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They say there’s “never a right time” to start a company, and there’s plenty of truth in the notion that the stars seldom align completely for business founders.
But for every recruitment entrepreneur who launches their own company, there are hundreds who put off the jump because circumstances are aren’t quite right…
Are they waiting prudently, or holding on for a ‘perfect moment’ that will never come – delaying their start on the path to a new financial future?
Here are 5 of the most common reasons founders hold off on launching, along with our thoughts on what’s worth waiting for and what’s not.

#1 – “I’ve still got a lot to learn in employment”

Plenty of recruiters who are keen to (one day) own their own company hesitate because they feel they have more to learn from agency life before they venture out as business owners.

Often this involves moving into leadership roles, completing internal training courses or gaining exposure to more business administration, finance and strategy.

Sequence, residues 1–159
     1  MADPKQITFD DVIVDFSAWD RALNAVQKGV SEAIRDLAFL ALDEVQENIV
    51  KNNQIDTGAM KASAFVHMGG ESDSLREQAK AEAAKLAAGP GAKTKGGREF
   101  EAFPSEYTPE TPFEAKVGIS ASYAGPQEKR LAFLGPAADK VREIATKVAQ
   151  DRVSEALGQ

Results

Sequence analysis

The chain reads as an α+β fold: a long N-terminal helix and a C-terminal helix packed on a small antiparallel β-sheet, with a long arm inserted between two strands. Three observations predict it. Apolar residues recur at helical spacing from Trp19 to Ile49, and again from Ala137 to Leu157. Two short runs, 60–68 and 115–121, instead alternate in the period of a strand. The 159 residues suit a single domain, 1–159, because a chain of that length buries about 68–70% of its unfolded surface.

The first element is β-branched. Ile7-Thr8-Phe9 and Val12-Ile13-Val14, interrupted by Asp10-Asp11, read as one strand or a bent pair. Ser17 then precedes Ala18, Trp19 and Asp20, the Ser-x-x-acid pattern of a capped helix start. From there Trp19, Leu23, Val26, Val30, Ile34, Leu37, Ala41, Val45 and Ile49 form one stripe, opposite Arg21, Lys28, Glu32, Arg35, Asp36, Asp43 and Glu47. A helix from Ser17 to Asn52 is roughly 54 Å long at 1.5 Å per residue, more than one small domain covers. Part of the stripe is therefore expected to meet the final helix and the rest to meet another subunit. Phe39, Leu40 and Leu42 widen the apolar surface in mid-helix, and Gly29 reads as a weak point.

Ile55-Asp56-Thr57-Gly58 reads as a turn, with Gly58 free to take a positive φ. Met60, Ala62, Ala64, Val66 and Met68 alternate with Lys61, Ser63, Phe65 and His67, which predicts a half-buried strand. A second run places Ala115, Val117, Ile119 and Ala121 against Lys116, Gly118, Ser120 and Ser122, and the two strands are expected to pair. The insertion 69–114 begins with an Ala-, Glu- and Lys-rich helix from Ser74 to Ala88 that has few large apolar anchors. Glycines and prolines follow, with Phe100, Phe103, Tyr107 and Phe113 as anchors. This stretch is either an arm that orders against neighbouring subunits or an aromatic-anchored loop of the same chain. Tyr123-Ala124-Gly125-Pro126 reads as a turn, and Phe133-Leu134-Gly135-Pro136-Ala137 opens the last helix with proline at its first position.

In these scenarios, it can make a lot of sense to build out rounded skill sets and learn what to do (and what not to do) with the safety net of a salary and support structure. 

Other recruiters simply feel that they should have ‘more years of experience’ under their belts, without quantifying their objective or specifying what they expect to learn by staying on the path they’re on.

RecruitHub has launched founders with anything from a few years of industry experience to 10+, and it’s rarely the years in the game that makes the difference. 

In both cases, new business owners will still have a steep learning curve operating a limited company for the first time, even if they’ve led teams or run an internal P&L.

Far more important than ‘time at desk’ is the drive to build something owned and operated by the founder, and for them to fully control their short and long-term financial freedom.